In April’s #evalAFF, I reference the below diagram from a blog post entitled “Unhappy Earth Day” to invite reflection on a) examples when action to increase “awareness” may be a necessary but insufficient evaluation-use proposition, and b) how to mitigate the risk that increased “awareness” of a phenomenon will stimulate counter-productive responses such as “greenwashing” marketing and merchandise.
I also refer to pushback from #actuallyautistic on social media, for Autistic people to reclaim the narrative of “Autism Awareness” month, citing examples of how popular entertainment about Autism can perpetuate a neurotypical framing of Autistic communication as deficient, rather than different.
In follow up to our April 19 Workshop on Evaluative Thinking with Dr. Thomas Archibald and the April 27 Journal Club on The Role of Evaluative Thinking in the Teaching of Evaluation, I hope this month’s #evalAFF will inspire us to reflect on how to design evaluation processes, and facilitate thinking, that manage the limitations and risks of conceptual use of evaluation to “raise awareness.”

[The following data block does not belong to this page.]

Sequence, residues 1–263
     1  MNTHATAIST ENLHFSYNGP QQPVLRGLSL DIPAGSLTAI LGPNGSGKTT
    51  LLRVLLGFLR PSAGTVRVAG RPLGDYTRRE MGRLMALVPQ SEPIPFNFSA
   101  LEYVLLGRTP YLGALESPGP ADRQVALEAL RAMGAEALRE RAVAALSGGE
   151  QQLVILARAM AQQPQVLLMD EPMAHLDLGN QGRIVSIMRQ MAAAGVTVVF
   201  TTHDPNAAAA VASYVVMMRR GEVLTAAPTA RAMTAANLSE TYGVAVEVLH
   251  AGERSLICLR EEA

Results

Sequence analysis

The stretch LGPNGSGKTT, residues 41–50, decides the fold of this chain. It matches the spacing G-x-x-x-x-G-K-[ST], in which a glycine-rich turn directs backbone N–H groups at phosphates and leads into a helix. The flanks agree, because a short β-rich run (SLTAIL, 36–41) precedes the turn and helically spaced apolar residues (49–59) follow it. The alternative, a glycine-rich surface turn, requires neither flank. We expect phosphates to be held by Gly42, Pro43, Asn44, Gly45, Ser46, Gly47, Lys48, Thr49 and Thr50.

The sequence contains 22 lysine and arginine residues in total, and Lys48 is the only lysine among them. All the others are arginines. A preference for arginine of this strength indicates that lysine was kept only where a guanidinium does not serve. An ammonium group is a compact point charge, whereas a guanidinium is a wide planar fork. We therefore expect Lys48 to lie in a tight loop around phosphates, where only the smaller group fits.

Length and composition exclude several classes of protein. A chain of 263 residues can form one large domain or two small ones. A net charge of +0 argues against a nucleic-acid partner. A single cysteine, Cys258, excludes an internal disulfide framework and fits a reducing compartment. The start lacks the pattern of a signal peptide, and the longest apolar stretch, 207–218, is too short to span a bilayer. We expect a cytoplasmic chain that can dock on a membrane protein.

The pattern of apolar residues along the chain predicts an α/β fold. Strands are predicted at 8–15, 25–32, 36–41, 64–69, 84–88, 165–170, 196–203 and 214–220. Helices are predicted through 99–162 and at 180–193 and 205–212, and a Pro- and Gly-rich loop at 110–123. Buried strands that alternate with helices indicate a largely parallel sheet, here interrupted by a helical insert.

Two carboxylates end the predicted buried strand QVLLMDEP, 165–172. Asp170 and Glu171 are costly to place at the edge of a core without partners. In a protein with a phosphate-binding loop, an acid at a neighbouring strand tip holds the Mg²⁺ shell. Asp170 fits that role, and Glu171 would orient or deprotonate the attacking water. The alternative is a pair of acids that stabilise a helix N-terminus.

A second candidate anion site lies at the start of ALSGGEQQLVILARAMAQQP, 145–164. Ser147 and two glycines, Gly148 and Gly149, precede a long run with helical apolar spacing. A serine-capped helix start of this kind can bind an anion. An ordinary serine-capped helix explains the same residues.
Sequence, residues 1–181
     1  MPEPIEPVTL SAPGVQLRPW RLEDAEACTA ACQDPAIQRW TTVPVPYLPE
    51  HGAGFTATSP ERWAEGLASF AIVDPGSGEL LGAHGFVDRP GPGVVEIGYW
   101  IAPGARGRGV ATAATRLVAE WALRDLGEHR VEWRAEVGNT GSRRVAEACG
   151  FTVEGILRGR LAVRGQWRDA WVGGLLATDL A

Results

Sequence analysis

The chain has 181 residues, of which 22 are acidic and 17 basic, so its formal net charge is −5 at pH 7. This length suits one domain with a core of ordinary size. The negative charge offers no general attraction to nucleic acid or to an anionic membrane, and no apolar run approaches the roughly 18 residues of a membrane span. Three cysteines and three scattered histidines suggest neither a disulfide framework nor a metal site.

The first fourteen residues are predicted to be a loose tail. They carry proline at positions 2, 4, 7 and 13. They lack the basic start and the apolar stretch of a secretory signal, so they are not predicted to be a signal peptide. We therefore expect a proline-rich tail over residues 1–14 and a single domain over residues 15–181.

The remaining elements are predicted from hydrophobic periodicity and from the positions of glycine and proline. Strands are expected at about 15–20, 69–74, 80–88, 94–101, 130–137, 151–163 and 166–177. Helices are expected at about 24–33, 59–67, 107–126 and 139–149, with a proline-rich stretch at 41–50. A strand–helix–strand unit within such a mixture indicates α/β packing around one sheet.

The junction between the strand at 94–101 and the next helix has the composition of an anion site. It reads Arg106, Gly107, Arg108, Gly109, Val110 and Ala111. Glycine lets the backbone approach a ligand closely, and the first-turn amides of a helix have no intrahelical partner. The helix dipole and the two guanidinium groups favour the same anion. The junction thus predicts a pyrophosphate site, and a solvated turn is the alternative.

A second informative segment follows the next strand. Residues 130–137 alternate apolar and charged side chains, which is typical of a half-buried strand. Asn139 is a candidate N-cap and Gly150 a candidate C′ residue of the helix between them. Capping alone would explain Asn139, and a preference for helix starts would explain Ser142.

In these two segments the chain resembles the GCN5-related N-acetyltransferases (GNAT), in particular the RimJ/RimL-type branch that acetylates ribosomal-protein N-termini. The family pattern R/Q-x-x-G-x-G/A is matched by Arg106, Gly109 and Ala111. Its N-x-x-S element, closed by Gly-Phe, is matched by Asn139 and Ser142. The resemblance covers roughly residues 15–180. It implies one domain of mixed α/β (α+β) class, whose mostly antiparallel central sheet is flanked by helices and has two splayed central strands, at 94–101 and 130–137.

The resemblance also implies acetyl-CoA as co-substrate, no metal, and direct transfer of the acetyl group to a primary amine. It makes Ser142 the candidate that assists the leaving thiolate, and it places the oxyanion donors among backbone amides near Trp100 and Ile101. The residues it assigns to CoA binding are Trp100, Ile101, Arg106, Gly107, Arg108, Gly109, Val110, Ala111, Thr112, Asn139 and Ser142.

In case you missed them in the Journal Club invitation this month, here is a short and a longer introduction to evaluative thinking, that may be helpful as you contemplate the relationship between professional evaluation, and awareness-raising on issues of equity and sustainability.
- 4min Evaluative thinking Primer by Michael Quinn Patton
- 1 hr Evaluative Thinking interview with author Thomas Archibald
– Andrealisa Belzer